Claimant was shown how to perform this job by his employer and thereafter was given no direct supervision. He states, however, that there were many New York State inspectors who had watched him work and were aware of the method that he used to erect the scaffold. He was never told to perform the work in a different way and he was never given any securing straps, ropes or tie lines to work with (id.). In support of the cross motion, he submitted an instruction sheet from Bil-Jax, a company that produces step-type scaffolding frames similar to the ones that claimant was erecting (id., ¶5, Exhibits 1, 2). In the illustration numbered 6 of Exhibit 2, the directions state, "Hoist end frames and braces to next level by means of rope and tag line."

DISCUSSION

Defendant contends that section 240(1) is applicable in "falling object" cases only when the object causing the injury falls while being hoisted or secured and when the reason it falls is the absence or inadequacy of a safety device of the type enumerated in the statute (Hayden memorandum of law, pp 1-2, citing to Narducci v Manhasset Bay Assocs., 96 NY2d 259 [2001] and Roberts v General Electric, 97 NY2d 737 [2002]). Counsel for claimant, in cross-moving for summary judgment in favor of his client, asserts that when material is placed at an elevated height, there must be some device, such as a strap, rope or tag line to secure the pieces so they do not fall as a result of gravity and injure a worker (Hatch affirmation, ¶2).

As noted above, claimant was in the process of constructing a scaffold when he was injured. It is now accepted that the provisions of § 240 (1) govern those situations where the work being performed is constructing and demolishing scaffolds as when the work being performed is the construction and demolition of the buildings or structures referenced in the statute (Alderman v State of New York, 139 Misc 2d 510 [Ct Cl 1988]; accord Kyle v City of New York, 268 AD2d 192, 197 [1st Dept 2000], lv denied 97 NY2d 608 [2002] and cases cited therein; Labodin v State of New York, 242 AD2d 563 [2d Dept 1997]; 52 NY Jur 2d Employment Relations (236). Also, there is no dispute that claimant was not given any of the enumerated devices (hoists, stays, ladders, slings, hangers, blocks, pulleys, braces, irons, or ropes) in carrying out his work. It is also irrelevant that claimant was located approximately 15 feet above ground level, for working at an elevation above ground does not increase or decrease the risk of being hit by an object falling from above (Bradley v San-Gra Corporation, 301 AD2d 709, 710 [3d Dept 2003]).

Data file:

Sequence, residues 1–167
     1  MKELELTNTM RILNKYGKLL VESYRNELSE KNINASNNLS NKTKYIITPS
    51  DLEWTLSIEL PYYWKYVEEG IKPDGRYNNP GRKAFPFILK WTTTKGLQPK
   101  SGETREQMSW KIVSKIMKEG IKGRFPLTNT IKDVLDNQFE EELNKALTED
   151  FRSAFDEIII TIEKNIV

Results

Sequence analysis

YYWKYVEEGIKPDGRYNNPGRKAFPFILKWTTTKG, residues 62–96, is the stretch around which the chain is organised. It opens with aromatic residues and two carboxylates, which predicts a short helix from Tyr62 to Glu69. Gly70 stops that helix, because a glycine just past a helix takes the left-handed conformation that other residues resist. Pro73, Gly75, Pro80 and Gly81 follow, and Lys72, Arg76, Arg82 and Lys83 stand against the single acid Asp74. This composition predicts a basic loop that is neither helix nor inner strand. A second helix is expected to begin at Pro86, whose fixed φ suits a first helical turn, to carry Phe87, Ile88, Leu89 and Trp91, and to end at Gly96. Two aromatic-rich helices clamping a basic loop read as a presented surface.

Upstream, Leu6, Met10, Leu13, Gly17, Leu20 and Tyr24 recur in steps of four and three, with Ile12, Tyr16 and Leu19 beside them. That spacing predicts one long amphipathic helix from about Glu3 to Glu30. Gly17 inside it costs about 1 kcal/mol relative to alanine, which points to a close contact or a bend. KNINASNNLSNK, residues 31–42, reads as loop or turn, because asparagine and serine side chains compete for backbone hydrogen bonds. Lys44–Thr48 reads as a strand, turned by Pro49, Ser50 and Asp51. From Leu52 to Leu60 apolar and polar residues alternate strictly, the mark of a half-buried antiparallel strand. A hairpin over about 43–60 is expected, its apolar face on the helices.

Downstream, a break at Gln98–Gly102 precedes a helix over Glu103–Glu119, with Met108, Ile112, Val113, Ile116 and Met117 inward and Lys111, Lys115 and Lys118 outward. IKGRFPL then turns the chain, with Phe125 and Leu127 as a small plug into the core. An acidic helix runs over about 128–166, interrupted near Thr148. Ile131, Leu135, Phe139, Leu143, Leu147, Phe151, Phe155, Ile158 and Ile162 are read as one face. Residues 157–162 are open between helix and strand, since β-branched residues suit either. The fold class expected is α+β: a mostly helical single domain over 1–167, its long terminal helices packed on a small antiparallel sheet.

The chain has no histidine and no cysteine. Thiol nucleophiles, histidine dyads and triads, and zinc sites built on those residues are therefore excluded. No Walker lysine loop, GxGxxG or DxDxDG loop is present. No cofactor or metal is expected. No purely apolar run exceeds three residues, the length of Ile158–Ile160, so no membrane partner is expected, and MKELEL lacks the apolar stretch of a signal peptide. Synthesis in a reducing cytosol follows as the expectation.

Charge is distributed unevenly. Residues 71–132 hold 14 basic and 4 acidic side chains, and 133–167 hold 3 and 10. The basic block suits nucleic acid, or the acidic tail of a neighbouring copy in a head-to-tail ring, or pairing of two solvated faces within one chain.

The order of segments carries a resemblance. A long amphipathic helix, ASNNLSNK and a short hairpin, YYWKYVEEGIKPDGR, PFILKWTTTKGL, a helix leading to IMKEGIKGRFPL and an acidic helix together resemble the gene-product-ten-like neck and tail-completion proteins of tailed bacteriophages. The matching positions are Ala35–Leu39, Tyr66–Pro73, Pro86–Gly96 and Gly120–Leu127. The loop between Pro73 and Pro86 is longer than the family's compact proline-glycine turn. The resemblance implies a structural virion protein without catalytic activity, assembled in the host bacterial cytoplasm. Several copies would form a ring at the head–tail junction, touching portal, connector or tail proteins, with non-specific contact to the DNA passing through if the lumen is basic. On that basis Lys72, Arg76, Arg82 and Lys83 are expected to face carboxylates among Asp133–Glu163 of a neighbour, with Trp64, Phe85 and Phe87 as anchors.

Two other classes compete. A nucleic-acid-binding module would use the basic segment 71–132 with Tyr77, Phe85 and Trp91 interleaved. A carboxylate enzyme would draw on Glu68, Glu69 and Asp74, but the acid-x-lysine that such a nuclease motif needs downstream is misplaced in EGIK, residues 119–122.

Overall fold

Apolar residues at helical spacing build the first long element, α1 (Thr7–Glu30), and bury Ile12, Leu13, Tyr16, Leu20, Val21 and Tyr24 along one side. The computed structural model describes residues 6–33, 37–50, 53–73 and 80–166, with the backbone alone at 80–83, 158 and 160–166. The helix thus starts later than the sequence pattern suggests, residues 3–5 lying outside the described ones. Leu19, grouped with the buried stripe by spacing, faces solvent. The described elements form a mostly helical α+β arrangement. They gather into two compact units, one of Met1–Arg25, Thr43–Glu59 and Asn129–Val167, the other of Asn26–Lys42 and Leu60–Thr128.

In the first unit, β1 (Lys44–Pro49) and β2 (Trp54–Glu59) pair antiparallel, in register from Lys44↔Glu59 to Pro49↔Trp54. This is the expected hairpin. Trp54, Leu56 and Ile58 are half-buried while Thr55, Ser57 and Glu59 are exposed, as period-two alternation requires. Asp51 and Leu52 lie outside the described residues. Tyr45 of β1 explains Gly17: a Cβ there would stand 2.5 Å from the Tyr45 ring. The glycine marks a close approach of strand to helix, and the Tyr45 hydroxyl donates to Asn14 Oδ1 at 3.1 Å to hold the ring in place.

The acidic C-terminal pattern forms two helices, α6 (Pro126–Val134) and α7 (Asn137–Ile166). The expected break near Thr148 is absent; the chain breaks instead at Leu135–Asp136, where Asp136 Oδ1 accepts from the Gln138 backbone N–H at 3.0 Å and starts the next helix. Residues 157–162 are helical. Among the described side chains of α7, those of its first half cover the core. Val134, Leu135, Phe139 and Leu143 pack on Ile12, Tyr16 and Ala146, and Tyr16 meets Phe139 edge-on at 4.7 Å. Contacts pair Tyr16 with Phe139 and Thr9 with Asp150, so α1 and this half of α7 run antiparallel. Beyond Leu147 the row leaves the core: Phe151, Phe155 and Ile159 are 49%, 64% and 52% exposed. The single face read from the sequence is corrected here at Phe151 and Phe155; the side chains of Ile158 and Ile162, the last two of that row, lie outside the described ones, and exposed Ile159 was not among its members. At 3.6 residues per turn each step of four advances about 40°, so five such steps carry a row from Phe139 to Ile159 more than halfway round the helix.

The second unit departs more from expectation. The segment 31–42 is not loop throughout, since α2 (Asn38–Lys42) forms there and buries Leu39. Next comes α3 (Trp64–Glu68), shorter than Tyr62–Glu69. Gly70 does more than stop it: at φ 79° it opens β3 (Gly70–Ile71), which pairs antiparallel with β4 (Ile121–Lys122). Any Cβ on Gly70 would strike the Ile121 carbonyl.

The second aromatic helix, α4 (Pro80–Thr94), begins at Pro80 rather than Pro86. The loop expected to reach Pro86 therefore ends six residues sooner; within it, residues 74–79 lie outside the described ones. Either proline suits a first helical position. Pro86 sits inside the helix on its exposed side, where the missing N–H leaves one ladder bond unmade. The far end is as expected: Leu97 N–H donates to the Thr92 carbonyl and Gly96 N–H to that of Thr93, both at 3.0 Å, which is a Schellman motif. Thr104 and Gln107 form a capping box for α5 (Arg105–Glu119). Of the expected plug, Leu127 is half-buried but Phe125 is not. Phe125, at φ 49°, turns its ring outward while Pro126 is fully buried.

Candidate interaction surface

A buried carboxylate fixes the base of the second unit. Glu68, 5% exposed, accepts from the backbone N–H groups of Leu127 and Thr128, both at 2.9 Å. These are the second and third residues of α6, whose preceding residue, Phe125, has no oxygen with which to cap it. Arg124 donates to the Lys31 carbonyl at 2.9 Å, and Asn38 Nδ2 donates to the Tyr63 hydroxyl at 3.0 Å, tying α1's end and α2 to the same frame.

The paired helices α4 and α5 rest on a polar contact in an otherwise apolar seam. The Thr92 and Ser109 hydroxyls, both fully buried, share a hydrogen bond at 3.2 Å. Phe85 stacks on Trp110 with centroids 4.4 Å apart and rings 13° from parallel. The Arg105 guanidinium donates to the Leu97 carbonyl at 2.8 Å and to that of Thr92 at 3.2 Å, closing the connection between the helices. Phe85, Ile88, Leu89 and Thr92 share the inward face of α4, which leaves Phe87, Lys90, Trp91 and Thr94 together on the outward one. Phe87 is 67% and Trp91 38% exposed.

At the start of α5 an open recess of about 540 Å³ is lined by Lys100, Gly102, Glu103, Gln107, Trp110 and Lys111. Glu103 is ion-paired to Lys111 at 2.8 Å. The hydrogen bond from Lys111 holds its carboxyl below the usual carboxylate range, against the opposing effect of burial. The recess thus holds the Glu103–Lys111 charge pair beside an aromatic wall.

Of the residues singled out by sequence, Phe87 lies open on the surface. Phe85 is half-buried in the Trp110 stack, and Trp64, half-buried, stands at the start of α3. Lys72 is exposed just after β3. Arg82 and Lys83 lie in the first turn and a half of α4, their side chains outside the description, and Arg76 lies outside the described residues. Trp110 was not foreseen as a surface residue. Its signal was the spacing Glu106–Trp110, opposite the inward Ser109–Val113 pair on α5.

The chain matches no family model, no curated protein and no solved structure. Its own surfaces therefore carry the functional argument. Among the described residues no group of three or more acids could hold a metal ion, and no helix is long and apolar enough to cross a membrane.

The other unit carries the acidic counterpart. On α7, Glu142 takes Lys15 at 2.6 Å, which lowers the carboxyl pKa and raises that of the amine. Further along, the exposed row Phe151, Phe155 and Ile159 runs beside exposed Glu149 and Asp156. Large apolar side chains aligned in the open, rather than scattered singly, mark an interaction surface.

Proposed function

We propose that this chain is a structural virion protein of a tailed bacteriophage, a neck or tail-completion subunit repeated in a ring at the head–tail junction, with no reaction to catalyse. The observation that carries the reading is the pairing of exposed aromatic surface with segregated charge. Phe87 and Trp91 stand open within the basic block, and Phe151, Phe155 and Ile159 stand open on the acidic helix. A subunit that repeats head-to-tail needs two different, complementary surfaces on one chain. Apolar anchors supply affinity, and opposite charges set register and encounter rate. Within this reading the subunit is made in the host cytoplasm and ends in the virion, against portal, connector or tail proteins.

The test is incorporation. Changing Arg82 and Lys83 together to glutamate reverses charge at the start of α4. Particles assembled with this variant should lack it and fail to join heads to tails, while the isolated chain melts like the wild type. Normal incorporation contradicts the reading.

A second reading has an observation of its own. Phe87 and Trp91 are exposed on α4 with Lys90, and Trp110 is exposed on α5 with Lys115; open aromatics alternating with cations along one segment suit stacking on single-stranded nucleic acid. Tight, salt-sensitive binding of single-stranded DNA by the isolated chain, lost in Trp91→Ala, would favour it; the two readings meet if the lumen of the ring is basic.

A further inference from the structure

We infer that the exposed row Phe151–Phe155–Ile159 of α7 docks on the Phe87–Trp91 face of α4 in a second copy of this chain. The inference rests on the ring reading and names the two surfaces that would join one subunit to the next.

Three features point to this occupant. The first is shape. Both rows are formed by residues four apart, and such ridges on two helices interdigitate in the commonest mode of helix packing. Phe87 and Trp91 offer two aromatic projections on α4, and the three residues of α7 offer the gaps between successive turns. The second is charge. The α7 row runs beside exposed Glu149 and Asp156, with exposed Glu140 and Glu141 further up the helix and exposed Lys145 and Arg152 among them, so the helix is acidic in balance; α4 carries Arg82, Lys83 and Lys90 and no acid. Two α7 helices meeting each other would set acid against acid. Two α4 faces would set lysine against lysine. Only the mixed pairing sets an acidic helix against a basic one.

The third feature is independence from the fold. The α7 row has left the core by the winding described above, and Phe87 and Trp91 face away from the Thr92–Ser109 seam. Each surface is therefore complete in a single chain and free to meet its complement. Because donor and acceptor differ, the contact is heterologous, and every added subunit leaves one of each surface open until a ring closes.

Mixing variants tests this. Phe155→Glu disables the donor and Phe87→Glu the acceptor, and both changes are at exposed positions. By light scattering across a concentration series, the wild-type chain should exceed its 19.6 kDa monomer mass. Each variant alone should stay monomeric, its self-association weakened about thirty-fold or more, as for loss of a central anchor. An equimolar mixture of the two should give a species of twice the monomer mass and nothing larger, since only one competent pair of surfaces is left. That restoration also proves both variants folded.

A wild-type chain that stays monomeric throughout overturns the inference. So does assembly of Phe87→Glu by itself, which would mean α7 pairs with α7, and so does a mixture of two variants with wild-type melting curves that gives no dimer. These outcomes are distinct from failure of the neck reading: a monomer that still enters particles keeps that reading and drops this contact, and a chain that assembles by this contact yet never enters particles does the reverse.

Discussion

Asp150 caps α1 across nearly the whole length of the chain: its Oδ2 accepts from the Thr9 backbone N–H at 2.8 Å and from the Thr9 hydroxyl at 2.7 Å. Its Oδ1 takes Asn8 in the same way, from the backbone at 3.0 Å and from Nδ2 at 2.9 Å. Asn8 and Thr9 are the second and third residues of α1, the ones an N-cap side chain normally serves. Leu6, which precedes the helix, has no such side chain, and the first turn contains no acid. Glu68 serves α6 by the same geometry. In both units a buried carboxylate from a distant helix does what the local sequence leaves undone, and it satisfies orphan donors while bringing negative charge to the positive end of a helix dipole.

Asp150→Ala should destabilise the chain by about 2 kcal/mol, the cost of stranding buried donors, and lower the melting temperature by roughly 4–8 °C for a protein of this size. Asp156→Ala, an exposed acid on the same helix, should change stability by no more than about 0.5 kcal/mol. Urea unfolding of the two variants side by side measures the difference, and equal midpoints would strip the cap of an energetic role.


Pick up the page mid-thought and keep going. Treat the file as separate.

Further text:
In Capparelli v Zausmer Frisch Associates (256 AD2d 1141 [4th Dept 1998], affd sub nom Narducci v Manhasset Bay Assoc, 96 NY2d 259 [2001]), an electrician was assigned to install light fixtures in a ceiling grid. He had climbed approximately four feet up a ladder, lifted the light fixture, and rested its edges on the grid. He then started to descend the ladder, in order to change position so he could secure the fixture onto the grid, but he was struck by the falling fixture and injured on the hand and wrist that he put out to stop or deflect it. He brought suit under Labor Law § 240(1), maintaining that he should have been given a scaffold from which to perform his work.

The Fourth Department dismissed the cause of action based on the scaffold law, holding that the worker's injury was the result of his exposure "to the usual and ordinary dangers of a construction site, and not the extraordinary elevation risks envisioned by Labor Law § 240 (1)" Capparelli, supra 256 AD2d 1141, quoting Rodriguez v Tietz Ctr. for Nursing Care, 84 NY2d 841, 843 [1994]). The Court of Appeals affirmed, noting that with respect to the "falling objects," as opposed to "falling worker" cases, the falling of an object must relate to the "significant risk inherent in * * * the relative elevation * * * at which materials or loads must be positioned or secured" (96 NY2d, at 267-268, quoting Rocovich v Consolidated Edison Co., 78 NY2d 509, 514 [1991]). The high court further clarified that for the statute to apply an injured worker had to show more than that an object fell and caused injury. He or she "must show that the object fell, while being hoisted or secured, because of the absence or inadequacy of a safety device of the kind enumerated in the statute (Narducci v Manhasset Bay Assoc, supra, 96 NY2d, at 268). The electrician was working on a 10 foot high ceiling and was standing approximately half way up an eight foot ladder when the fixture fell. The fixture's fall, therefore, was from no more than a foot above the worker's head, assuming the worker was 5 feet tall, even less if he was closer to 6 feet tall.